As mentioned earlier, the app is served on an NGINX DigitalOcean Ubuntu machine. The VM runs NGINX natively as opposed to in a container. So at any given time there is only one container running, which is the express app serving react files. The container runs on PORT 3000 of the digital ocean vm, and then NGINX proxies that to port 80 of that vm.

image

So this NGINX config file is a standard one that maps port 80 of the VM to the express app, and the second flag is to ensure in the express app that the connection is secure.

Domain and HTTPS

We use namecheap to get a domain, and used these steps to acquire an automatically renewable https certifacte https://certbot.eff.org/instructions?ws=nginx&os=ubuntubionic

Maintenance

Due to time constraints we dont have any autoamted system in place to mointor bugs. We make sure to check the docker container logs constantly to notice any unexpected behvour. But thats about it.

Challenges

Task: What is the top 3 most challenging things that you have learned/developed for you app? Please restrict your answer to only three items.

  1. Deployment. This was definitely one of the most challenging parts of this project as it involved lots of research, learning, understanding and experimentation.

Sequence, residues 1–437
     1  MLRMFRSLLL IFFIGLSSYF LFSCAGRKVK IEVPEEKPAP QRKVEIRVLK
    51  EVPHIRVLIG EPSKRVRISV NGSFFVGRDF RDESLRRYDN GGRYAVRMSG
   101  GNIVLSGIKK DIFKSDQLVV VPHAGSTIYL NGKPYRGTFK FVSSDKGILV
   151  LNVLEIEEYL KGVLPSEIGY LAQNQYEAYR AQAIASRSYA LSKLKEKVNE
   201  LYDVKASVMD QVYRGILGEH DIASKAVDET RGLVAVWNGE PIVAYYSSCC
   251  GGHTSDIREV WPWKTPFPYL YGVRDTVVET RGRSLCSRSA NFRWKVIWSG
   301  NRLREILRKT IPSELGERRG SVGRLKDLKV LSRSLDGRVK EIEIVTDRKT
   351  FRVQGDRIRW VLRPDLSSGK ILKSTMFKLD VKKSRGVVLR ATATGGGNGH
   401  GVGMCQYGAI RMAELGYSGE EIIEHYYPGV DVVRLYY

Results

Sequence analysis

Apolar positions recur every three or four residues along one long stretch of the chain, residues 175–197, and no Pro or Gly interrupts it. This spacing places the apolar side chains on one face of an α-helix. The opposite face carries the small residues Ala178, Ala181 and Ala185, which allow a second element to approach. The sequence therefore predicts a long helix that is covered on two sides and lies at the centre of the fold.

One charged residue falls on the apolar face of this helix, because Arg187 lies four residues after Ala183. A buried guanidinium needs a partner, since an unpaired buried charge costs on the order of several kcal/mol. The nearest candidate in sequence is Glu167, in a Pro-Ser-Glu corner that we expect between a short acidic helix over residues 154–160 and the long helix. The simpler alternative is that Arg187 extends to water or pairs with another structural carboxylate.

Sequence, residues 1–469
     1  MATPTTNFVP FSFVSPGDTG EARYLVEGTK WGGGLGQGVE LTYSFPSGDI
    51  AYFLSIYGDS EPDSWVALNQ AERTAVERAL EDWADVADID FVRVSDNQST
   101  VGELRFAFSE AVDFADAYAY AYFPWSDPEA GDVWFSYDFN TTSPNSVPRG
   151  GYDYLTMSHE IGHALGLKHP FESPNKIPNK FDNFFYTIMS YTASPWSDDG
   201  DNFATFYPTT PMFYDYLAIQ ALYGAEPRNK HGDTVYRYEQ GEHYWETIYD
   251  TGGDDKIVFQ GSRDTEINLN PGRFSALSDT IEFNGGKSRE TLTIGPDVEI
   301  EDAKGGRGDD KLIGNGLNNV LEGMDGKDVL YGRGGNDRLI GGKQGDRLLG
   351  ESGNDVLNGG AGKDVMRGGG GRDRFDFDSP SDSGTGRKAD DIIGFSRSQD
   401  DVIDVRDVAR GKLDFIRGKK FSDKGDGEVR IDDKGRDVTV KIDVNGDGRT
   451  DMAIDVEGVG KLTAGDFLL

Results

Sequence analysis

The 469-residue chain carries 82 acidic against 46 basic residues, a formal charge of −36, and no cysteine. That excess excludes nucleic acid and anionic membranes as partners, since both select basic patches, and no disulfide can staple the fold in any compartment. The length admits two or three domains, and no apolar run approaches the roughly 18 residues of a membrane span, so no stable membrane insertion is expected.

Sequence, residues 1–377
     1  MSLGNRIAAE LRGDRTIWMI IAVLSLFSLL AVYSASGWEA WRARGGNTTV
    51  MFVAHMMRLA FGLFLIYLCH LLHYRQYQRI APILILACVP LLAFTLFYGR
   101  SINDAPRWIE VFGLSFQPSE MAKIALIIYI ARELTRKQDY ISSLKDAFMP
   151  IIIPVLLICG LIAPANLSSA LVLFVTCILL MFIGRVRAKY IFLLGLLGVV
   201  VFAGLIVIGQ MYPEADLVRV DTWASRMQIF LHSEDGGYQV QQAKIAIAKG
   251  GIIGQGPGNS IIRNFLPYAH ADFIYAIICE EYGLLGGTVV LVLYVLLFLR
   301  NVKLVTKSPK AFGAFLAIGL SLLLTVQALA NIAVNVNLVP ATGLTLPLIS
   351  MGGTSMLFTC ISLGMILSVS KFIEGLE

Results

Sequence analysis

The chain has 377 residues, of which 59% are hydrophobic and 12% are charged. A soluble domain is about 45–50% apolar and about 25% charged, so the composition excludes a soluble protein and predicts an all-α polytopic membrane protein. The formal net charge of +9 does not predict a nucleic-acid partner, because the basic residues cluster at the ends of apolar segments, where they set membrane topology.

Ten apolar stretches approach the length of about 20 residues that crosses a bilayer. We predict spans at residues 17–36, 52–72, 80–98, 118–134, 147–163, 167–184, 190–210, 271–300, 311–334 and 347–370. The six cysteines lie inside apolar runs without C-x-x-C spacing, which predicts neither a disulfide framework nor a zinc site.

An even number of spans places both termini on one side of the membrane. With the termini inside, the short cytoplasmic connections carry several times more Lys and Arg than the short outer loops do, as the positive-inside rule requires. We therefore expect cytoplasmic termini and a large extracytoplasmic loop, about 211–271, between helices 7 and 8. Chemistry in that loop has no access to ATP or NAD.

2. React: We were just not used to the react way of doing things, and it took some time to get used to states, and other react concepts.
  3. Video calling: We chose to use the Twilio API to support our interviews, but with the official frontend APIs available for implementing a twilio client, the developers are responsible for implementing their own hooks to control the state of the room. Programmable video APIs were low level, and required a lot of learning and understanding of audio and video, participants, and room logic.

Contributions

Mahamad Jawad Jawid

  • Setup database
  • Setup overall structure of the app
  • SignIn and SignUp pages
  • Search and pagination
  • Deployment, and security

Muhammad Osman Amjad

  • Setting up the backend to work with graphql
  • Show a user’s personal info on profile page
  • Show an applicant’s applications on their profile page
  • Show an employer’s job postings on their profile page
  • Allow employer to see applicants for each job posting

Ali Al Rawaf

  • Full stack job creation
  • Applicants can see and apply to jobs
  • Employers recieve emails about applications to their postings
  • Employers can request interviews to specific applicants for specific jobs with a selected date
  • Employers and applicants can join a room where they can see and interview with eachother 1 on 1

One more thing?

Thank you very an amazing course. We thought that the work was challnging, but only now as we are finishing up the app, we are realizing how satsfying it all is. This course covered so many useful concepts in web develpoment, and we are excited to apply our skills in the outside world. Thanks 🙂

GitHub

View Github